Looking at the words themselves, Figure 5 also provides strong evidence that gender is much more subtly manifested than women MPs simply talking about women or using explicitly gendered terms. Alongside words like ‘girl’, ‘daughter’ and ‘mother’, other domains emerge, including the family and children ('family', 'husband', 'marriage', 'parent', 'child', 'baby', 'nursery'); education ('teacher', 'training', 'school'); health ('clinic', 'nursing', 'doctor', 'patient', 'medical', 'nurse', 'treatment', 'bed'); and care in general terms ('help', 'care'). Male MPs, on the other hand, are much likelier to refer to the parliamentary debate itself, especially conflicts within it ('proposition', 'wrong', 'principle', 'doubt', 'party', 'argument', 'view', 'point'). Other consistent masculine markers include the military and vehicles ('aircraft', 'ship', 'weapon', 'troop', 'military', 'defence'); business ('corporation', 'business', 'expenditure'); foreign policy and geography ( 'Germany', 'Americans', 'northern', 'international', 'foreign', 'western', 'sea'). Overall, it is hard to escape the conclusion that this data resoundingly confirms the sharply-gendered and stereotyped qualities and policy priorities which have traditionally been associated with male and female politicians.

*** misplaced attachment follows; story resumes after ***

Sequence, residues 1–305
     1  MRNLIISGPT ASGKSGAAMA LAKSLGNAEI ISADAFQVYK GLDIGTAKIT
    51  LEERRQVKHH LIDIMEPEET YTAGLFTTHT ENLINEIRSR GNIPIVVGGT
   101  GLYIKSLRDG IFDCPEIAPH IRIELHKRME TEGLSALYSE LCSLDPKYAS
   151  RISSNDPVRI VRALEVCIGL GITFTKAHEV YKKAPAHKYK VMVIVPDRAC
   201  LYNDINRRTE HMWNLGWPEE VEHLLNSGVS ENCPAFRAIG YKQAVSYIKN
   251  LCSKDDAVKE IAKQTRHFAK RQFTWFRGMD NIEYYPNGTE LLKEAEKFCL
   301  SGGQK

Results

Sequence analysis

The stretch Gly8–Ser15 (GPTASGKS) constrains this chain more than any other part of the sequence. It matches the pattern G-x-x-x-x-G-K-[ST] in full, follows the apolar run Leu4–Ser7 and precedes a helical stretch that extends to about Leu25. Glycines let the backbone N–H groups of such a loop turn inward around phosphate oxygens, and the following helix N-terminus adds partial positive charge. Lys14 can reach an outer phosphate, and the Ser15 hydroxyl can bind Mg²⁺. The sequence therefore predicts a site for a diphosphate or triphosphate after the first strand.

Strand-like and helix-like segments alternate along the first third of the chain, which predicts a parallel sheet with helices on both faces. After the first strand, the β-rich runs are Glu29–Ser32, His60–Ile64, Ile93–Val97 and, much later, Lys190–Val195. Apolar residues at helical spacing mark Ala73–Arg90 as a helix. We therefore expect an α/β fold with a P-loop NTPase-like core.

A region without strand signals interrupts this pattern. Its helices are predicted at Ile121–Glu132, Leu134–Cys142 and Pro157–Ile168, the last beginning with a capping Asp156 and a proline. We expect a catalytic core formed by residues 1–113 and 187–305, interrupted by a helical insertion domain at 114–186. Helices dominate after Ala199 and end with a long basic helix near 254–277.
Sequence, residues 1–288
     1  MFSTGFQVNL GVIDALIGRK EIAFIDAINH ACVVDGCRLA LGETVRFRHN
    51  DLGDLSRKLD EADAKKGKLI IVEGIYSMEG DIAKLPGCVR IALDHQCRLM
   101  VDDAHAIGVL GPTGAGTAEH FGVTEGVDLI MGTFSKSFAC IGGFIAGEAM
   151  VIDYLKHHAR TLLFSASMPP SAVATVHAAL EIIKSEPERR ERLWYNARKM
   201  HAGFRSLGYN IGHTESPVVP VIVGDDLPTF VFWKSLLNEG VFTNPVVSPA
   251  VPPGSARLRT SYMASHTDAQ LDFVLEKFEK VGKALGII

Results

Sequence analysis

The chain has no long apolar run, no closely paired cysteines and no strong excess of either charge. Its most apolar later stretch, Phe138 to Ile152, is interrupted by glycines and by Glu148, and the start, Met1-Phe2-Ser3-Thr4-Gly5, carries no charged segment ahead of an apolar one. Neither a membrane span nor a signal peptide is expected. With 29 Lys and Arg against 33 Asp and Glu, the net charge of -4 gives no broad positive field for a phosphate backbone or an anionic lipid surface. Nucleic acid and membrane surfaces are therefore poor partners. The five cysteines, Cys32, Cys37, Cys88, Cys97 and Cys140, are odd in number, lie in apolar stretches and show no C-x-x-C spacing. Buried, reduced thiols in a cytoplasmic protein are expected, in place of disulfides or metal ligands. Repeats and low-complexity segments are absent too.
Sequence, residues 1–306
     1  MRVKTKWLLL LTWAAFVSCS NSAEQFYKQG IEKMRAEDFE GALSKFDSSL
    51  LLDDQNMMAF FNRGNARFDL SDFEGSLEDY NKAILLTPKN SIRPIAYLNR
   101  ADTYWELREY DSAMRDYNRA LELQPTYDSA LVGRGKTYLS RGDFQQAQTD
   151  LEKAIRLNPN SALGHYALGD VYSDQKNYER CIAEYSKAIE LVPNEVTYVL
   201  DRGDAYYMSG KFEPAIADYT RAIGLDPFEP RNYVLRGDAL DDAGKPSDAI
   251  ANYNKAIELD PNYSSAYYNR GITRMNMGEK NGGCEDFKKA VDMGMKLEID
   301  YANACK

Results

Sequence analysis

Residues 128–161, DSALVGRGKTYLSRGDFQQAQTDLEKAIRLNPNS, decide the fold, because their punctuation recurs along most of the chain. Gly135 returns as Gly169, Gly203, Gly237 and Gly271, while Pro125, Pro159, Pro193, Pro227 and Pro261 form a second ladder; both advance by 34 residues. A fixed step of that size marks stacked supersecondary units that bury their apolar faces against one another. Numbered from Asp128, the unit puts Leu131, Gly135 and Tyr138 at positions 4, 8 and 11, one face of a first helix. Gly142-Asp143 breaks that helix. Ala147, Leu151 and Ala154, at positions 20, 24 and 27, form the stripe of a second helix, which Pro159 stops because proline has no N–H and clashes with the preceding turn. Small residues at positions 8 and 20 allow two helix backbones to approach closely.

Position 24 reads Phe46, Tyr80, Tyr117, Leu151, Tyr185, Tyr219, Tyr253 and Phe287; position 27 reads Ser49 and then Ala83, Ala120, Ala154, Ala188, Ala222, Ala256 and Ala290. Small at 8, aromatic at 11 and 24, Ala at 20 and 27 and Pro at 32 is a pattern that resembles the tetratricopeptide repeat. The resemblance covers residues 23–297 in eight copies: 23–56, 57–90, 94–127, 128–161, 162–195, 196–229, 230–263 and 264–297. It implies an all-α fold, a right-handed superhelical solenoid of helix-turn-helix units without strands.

While the gender differences suggested above are revealing, the historical fluctuations are perhaps still more so. Figure 3 shows a remarkably constant volume of speeches about women – from both male and female MPs – in the 34-year period from Attlee to Thatcher. For the four Conservative governments after 1979, we see a noticeable increase amongst women MPs, accompanied by a smaller rise amongst their male colleagues. But most significantly, we see a small but marked decline after 1997 both in the proportion of speeches about women but especially in the propensity of female MPs to speak about women. Indeed, an analysis of all of the 'female words' in Figure 4 also reveals that women in pre-1997 Parliaments were likelier to use these words more often.